Why Huawei role in Britain’s 5G networks is under scrutiny once again

Huawei logo is seen on a smartphone in front of a laptop displaying the U.K. flag.

  • The U.K.’s National Cyber Security Center (NCSC) has launched a fresh review into Huawei after the U.S. imposed new sanctions on the company last week.
  • The U.K. is a vital market for Huawei for phones and networks.
  • If Huawei is blocked from the U.K., then there will be major implications for mobile network operators who have already invested in Huawei’s 5G equipment.

Huawei’s close relationship with Britain is in jeopardy once again and the Chinese firm’s 5G telecoms equipment might disappear from U.K. mobile networks altogether in as little as three years.

The U.K.’s National Cyber Security Center (NCSC), which is part intelligence agency GCHQ, launched an emergency review of Huawei’s role in the U.K. on Sunday after the U.S. introduced new sanctions on the company last week.

“The security and resilience of our networks is of paramount importance,” an NCSC spokesperson said in a statement. “Following the U.S. announcement of additional sanctions against Huawei, the NCSC is looking carefully at any impact they could have to the U.K.’s networks.”

The U.K. is a major market for Huawei and there would be significant implications on some British mobile carriers if the government were to ban the technology, as some have already invested in Huawei’s 5G equipment.

In January, the U.K. government resisted pressure from the U.S. to block Huawei completely from its 5G networks. Instead, it said it would limit Huawei to 35% of British 5G network supply. However, it banned the use of Huawei’s equipment in the all-important “core” of mobile networks where data is stored and routed.

Huawei Vice President Victor Zhang said in a statement: “Our priority remains to continue the rollout of a reliable and secure 5G networks across Britain. We are happy to discuss with NCSC any concerns they may have and hope to continue the close working relationship we have enjoyed for the last ten years.”

The U.S. is in a long-running battle with Huawei. Policymakers say they’re concerned that the company’s technology could be used for cyber espionage and President Donald Trump has been urging leaders of other countries, particularly those in the so-called Five Eyes alliance, to avoid using Huawei at all costs.

The Shenzhen-headquartered company has always insisted that it does not spy on behalf of the Chinese government and it has accused the U.S. of xenophobia.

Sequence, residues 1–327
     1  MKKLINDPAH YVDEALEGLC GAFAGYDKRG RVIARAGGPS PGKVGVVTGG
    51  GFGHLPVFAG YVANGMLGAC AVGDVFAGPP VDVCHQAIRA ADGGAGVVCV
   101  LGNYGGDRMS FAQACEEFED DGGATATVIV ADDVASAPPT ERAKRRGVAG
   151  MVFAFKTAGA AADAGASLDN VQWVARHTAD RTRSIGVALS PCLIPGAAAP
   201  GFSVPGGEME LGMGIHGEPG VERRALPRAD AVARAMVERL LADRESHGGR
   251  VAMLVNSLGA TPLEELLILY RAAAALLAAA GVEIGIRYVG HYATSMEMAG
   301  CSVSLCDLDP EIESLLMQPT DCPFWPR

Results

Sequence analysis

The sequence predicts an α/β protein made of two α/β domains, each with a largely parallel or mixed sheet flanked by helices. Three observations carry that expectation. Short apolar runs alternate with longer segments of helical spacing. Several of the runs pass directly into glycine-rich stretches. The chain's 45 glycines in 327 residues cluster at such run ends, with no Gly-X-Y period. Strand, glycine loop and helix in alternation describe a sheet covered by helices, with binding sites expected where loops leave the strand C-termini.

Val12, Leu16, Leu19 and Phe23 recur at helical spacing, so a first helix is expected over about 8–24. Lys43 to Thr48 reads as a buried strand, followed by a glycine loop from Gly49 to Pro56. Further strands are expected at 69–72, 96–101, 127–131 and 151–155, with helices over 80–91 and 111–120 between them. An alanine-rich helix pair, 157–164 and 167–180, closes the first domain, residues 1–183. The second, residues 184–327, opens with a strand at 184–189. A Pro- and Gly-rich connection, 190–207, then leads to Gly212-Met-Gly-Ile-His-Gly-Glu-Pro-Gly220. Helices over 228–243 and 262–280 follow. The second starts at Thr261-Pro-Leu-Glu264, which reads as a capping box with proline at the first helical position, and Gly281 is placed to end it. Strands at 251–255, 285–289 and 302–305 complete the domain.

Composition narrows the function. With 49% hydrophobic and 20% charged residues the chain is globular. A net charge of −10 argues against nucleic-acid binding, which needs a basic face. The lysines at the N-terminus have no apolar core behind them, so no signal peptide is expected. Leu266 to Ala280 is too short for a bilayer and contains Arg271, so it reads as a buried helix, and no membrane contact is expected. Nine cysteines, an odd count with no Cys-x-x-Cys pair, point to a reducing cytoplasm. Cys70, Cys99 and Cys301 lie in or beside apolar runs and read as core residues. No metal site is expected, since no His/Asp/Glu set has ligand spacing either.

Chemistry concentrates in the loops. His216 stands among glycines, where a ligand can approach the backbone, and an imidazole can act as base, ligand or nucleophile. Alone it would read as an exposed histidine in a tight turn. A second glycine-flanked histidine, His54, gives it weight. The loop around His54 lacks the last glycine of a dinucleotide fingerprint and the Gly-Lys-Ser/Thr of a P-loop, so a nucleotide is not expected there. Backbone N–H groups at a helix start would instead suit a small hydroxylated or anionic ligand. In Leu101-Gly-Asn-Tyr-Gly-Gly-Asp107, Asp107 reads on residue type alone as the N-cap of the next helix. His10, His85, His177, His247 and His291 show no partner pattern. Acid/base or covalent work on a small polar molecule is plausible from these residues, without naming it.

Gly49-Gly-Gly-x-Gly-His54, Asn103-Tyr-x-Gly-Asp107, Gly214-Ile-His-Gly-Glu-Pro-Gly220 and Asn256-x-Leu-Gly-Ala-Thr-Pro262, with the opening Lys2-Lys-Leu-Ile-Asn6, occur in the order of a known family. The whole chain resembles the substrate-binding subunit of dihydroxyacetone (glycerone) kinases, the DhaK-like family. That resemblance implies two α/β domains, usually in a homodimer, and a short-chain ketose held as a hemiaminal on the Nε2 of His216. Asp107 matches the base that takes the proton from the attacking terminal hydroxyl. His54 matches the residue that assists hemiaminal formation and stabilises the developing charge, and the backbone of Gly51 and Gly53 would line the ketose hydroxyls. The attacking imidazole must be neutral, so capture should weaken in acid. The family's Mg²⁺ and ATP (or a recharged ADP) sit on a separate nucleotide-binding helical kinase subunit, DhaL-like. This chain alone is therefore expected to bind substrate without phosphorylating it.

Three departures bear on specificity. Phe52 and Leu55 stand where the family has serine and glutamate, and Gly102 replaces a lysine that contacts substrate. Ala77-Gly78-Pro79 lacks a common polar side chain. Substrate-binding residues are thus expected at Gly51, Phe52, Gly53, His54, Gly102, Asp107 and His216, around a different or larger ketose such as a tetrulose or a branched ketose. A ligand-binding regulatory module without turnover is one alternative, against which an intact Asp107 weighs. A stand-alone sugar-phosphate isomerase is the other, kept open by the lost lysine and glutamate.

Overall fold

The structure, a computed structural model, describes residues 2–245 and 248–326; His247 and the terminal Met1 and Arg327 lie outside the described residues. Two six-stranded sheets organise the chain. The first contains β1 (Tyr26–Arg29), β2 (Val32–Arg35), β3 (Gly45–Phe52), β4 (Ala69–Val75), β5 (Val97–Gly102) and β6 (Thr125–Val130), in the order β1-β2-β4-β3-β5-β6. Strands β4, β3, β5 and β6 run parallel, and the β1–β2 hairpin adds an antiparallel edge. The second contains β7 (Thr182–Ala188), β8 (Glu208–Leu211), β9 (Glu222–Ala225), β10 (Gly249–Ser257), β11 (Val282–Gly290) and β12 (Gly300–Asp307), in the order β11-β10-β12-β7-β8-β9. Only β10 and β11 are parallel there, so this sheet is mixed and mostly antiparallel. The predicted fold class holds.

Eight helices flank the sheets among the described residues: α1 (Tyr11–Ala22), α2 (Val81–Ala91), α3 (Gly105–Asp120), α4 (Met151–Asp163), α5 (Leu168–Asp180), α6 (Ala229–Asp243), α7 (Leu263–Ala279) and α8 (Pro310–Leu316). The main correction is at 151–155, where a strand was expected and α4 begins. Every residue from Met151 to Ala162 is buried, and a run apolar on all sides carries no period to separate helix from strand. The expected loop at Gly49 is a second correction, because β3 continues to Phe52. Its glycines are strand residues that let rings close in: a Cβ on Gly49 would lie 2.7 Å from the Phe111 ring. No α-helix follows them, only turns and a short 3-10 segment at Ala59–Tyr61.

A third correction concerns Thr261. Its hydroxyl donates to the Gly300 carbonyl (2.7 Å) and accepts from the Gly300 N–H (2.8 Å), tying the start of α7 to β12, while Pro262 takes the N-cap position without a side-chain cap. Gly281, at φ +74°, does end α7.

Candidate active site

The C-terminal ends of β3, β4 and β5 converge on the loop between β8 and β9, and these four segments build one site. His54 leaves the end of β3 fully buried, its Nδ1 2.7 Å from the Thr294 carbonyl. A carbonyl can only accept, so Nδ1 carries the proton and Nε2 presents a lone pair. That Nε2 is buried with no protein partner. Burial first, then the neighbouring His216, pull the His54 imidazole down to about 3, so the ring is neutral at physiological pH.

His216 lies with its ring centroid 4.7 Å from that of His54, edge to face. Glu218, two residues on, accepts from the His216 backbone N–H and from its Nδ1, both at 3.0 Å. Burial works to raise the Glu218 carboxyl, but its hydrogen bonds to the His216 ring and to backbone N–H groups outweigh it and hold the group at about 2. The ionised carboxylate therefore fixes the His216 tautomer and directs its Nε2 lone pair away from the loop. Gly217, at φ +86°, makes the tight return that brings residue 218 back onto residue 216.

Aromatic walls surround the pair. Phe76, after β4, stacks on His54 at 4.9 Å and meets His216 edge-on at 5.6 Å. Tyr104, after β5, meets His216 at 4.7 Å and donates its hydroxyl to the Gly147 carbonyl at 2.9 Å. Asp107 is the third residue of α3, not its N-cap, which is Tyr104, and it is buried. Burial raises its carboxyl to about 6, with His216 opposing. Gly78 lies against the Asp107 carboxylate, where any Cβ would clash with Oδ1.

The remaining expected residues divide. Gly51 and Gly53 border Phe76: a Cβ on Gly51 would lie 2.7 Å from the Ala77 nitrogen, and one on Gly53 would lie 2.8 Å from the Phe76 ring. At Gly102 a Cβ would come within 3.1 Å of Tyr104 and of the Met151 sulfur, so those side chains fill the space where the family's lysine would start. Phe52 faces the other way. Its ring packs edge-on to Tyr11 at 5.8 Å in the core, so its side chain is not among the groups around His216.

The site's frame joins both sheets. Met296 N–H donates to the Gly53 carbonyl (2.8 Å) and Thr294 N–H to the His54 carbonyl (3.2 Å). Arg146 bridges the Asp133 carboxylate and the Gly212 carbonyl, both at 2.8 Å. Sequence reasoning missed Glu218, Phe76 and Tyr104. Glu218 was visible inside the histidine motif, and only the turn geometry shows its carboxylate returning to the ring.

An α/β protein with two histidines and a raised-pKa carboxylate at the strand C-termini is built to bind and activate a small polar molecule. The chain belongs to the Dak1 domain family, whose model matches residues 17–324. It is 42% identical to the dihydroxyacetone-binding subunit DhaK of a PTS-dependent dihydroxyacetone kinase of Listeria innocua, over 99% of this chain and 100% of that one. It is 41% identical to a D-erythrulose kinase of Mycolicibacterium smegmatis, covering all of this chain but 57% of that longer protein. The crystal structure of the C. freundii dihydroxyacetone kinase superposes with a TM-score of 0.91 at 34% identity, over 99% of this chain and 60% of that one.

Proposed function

Last Friday, The Telegraph newspaper revealed that Prime Minister Boris Johnson was looking at how to reduce Huawei’s role in Britain’s 5G networks, reporting that he has instructed officials to draw up plans that would see China’s involvement in the U.K.’s infrastructure scaled down to zero by 2023.

In response to the story, Zhang told The Telegraph: “We’ve seen the reports from unnamed sources which simply don’t make sense. The government decided in January to approve our part in the 5G rollout, because Britain needs the best possible technologies, more choice, innovation and more suppliers, all of which means more secure and more resilient networks.

“As a private company, 100% owned by employees, which has operated in the U.K. for 20 years, our priority has been to help mobile and broadband companies keep Britain connected, which in this current health crisis has been more vital than ever. This is our proven track-record.”

Ministers later told The Times that it will be “impossible” to remove all of Huawei’s technology from Britain’s mobile networks by 2023. Instead, they reportedly say they are discussing plans to prohibit the purchase and installation of new equipment from 2023.

The U.K. government was not immediately available for comment when contacted by CNBC.

U.S. sanctions

The new U.S. sanctions could ultimately make it impossible for the U.K. to use Huawei’s technology as it planned to in 5G networks, which are in the process of being rolled out and expanded.

The sanctions aim to cut off Huawei’s access to chips. Under the rules, foreign manufacturers using U.S. chipmaking equipment must get a license before being able to sell chips to Huawei.

The sanctions will hit Taiwan’s TSMC, which supplies over 90% of Huawei’s smartphone chips. Huawei has looked to diversify its chip production to Chinese firm SMIC. However, analysts said that SMIC does not have the expertise or capacity to produce all of the chips Huawei requires.

Huawei said earlier this month that it “categorically opposes” the U.S.’s chip regulation.

“This decision was arbitrary and pernicious, and threatens to undermine the entire industry worldwide. This new rule will impact the expansion, maintenance, and continuous operations of networks worth hundreds of billions of dollars that we have rolled out in more than 170 countries,” the company said in a statement.

Despite the U.K. government preventing the use of Huawei’s equipment in its “core” networks, some still weren’t happy. A group of 38 Conservative MPs called on the government to reduce Huawei’s market share to zero as they fear its technology compromises national security. In March, the rebels backed an amendment to end Huawei’s participation in U.K. 5G mobile networks by the start of 2023, but they lost.

Additional reporting by Arjun Kharpal. 

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